In a study conducted by Ghaderi et al. (28) to estimate the prevalence of depression and its related individual factors in Kurdish older adults, they classified the marital status into two types of living with spouse and living without a spouse and reported a significant relationship between marital status and depression. The important point in this study was the high prevalence of depression among the married older adults, which was not unexpected due to the higher proportion of participated married older adults. However, it should be noted that being single, especially during the elderly, does not necessarily increase depression. In the present study, no significant relationship was found between depression and age and the level of education, which is consistent with the results of the study conducted by Mohammadzadeh et al. (7). In this study, no significant relationship was found between depression and gender, which is consistent with the results of the study conducted by Bakhtiyari et al. (8). However, several studies conducted on depression in Iran have reported a statistically significant relationship between gender and depression. The inconsistencies in the results might be due to the sample sizes, the research tools, and the living area and ethnicity of the participants (28, 29).

The present study showed that fear of falling was significantly higher in older adults who had a history of falling, which is consistent with the results of other similar studies, including the studies conducted by Abdiani et al. (32) and Mendes da Costa et al. (33). However, Dias et al. (14) did not find a significant association between falling and fear of falling, which may be because their study population had limited activities or had greater flexibility and have had a lower perception of the dangers of falling. In line with the results of the present study, the study conducted by Najafi Ghezelcheh et al. (5) reported a significant relationship between gender and fear of falling, and females had more fear of falling compared to males. It might be because women are at higher risk of osteoporosis and often have a weaker musculoskeletal system compared to men (34). The results also showed that the level of fear of falling was significantly higher in illiterate older adults. It can be argued that an illiterate person considers all possible events that would occur as well as complications of these disorders over time. The results of the studies conducted by Hajati (35) and Kim and So (20) are in line with these results. However, the study conducted by Payette et al. (36) did not show any significant relationship between fear of falling and literacy, and it may be because in the current study, more than half of the participants were illiterate, whereas in Payette’s study most of them were literate.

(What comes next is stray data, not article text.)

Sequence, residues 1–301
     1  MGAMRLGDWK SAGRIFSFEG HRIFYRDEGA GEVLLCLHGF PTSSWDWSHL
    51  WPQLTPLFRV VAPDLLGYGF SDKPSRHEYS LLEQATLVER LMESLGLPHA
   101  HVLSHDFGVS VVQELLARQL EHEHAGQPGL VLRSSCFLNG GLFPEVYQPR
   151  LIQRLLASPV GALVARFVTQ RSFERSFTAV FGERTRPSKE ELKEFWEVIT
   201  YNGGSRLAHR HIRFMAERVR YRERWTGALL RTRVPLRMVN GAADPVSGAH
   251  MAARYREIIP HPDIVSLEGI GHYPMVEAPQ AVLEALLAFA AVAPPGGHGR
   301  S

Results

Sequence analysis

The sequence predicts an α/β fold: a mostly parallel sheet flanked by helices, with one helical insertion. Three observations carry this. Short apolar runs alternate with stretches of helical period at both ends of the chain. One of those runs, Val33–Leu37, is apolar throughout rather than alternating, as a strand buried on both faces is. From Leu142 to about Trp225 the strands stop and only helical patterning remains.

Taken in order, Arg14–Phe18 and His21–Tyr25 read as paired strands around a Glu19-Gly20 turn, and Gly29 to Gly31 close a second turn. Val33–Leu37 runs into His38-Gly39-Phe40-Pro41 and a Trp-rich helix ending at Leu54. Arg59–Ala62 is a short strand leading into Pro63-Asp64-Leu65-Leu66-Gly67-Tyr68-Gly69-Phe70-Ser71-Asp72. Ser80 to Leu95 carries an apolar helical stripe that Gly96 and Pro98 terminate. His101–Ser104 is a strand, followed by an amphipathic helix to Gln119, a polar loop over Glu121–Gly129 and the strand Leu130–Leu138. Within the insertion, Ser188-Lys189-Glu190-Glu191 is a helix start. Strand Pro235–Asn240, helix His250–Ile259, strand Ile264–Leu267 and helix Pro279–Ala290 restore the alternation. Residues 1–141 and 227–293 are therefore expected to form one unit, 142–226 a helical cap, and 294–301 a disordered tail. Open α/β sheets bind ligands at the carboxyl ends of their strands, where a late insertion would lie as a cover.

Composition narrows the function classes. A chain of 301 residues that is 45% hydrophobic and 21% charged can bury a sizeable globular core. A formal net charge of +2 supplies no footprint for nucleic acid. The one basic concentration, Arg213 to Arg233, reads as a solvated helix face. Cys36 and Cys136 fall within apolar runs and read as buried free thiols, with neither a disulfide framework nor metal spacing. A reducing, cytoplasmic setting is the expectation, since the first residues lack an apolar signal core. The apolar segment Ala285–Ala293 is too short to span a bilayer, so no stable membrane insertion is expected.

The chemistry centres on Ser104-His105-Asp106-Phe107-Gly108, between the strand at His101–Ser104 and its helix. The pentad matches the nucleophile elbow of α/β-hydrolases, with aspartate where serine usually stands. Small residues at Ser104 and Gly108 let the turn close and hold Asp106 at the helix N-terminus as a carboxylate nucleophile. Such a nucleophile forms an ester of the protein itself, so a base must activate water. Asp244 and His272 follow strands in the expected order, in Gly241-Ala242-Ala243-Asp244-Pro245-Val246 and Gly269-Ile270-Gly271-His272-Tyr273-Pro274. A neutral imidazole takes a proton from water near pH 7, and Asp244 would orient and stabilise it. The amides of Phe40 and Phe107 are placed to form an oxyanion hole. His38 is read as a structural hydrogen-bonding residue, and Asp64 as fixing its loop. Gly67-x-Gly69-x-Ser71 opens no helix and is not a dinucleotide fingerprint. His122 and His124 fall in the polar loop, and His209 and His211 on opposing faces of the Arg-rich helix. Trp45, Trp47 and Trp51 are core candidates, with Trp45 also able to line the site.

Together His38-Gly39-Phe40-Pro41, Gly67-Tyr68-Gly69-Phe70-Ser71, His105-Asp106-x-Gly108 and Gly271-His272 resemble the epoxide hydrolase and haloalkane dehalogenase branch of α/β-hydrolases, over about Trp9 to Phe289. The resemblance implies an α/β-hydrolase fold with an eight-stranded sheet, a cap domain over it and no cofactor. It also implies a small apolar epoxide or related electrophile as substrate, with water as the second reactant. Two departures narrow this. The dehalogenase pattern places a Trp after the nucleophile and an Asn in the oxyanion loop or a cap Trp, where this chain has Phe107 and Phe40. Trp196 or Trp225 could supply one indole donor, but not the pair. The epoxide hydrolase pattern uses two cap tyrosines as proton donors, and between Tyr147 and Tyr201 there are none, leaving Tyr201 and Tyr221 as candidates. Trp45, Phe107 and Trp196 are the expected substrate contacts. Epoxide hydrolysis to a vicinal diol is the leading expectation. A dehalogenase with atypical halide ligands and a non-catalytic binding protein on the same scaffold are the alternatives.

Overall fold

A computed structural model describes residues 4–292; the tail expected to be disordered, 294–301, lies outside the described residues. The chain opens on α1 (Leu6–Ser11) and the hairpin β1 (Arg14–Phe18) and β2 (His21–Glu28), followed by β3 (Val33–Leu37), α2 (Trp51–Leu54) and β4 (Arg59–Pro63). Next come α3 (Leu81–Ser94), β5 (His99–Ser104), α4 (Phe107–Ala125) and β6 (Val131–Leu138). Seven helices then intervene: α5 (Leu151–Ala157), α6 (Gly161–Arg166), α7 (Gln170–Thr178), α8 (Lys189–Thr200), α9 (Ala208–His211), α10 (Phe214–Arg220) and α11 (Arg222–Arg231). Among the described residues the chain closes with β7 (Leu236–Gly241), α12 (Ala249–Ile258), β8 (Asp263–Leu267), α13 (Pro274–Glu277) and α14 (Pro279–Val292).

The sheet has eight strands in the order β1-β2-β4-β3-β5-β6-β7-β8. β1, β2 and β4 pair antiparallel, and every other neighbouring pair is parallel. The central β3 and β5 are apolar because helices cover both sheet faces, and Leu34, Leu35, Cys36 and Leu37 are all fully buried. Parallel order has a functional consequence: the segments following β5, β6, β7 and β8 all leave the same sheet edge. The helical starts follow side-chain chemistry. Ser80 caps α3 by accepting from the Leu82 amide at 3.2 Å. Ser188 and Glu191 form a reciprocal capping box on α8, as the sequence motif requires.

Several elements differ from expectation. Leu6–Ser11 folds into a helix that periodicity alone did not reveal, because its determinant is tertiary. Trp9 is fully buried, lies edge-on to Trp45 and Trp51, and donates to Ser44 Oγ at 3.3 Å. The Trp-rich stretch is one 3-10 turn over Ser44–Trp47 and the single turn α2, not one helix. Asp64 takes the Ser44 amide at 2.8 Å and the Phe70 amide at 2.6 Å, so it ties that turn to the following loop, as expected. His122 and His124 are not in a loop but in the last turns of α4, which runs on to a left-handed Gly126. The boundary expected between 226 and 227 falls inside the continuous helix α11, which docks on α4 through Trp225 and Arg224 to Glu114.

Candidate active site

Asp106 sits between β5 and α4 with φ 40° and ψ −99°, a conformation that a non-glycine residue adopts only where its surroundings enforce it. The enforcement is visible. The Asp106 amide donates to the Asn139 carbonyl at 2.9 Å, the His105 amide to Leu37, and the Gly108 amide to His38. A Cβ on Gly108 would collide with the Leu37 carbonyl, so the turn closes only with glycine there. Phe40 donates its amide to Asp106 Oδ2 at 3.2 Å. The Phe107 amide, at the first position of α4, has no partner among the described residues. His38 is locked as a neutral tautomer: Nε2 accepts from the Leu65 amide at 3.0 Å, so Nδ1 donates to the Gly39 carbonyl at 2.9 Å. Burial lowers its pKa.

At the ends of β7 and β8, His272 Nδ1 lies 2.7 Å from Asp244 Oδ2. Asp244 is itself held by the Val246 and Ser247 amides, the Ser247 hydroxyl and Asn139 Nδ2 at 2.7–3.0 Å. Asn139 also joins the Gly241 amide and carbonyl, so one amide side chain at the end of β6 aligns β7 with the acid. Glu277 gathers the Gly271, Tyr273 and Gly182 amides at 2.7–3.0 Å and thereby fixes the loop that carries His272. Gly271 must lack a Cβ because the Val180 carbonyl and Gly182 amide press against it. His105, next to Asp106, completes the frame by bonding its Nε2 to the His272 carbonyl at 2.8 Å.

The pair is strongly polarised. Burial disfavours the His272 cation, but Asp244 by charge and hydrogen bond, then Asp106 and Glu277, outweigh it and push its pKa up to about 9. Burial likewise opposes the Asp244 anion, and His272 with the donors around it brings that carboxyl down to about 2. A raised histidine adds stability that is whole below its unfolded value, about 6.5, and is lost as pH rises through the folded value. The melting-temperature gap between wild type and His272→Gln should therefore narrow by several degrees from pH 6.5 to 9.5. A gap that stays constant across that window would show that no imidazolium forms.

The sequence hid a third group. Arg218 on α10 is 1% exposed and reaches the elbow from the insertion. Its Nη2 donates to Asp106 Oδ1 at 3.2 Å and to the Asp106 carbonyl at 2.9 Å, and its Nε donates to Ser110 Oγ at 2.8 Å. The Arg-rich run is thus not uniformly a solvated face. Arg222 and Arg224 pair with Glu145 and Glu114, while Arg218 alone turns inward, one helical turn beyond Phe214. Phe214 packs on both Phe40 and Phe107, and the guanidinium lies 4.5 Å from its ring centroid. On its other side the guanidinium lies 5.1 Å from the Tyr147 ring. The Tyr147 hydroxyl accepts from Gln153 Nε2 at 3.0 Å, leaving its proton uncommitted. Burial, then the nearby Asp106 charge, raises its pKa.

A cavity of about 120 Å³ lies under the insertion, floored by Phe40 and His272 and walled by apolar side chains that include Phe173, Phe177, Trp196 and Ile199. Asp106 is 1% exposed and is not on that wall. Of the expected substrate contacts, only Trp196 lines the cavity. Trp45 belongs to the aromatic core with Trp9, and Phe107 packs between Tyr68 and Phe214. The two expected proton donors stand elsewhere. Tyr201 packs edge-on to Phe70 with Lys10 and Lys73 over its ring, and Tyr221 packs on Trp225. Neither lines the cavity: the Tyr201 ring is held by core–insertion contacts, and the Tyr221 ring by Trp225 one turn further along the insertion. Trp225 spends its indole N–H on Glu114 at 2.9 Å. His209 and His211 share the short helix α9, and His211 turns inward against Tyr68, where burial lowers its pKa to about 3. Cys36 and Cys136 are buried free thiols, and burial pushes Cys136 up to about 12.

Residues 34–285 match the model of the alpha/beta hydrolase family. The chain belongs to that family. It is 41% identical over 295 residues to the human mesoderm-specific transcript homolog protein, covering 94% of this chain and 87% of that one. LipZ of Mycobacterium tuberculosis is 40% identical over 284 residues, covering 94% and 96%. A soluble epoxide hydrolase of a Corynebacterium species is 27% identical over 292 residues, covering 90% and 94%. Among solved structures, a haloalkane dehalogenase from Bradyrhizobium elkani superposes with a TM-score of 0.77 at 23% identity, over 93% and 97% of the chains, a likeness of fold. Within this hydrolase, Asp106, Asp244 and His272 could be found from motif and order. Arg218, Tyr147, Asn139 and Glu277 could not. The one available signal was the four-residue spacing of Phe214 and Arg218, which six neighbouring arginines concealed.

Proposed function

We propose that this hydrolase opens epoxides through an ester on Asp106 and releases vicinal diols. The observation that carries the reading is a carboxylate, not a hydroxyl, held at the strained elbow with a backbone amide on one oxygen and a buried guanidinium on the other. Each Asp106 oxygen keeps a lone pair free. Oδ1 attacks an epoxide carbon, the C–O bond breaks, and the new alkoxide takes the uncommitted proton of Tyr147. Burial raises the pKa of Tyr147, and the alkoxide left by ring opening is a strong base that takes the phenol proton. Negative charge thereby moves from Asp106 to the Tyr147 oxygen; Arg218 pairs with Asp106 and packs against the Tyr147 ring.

#### 5.1. Limitations

Older adults’ memory impairments in recalling activities and events probably had affected their responses to the questions about past experiences. By using an assistant (his/her accompany), it was tried to address this limitation.

#### 5.2. Conclusions

The results of the present study revealed a relationship between depression and fear of falling. So, the higher the depression in older adults, the higher the risk of fear of falling. Older adults are valuable assets of human communities, and the importance of paying attention to their mental health is becoming increasingly more evident. In the light of advances and developments made in this regard, it is recommended to increase the awareness of people at lower ages so that individuals do not consider the depression and disorders such as fear of falling at old ages as a normal process of aging and try to have healthy and active aging by preventing such disorders.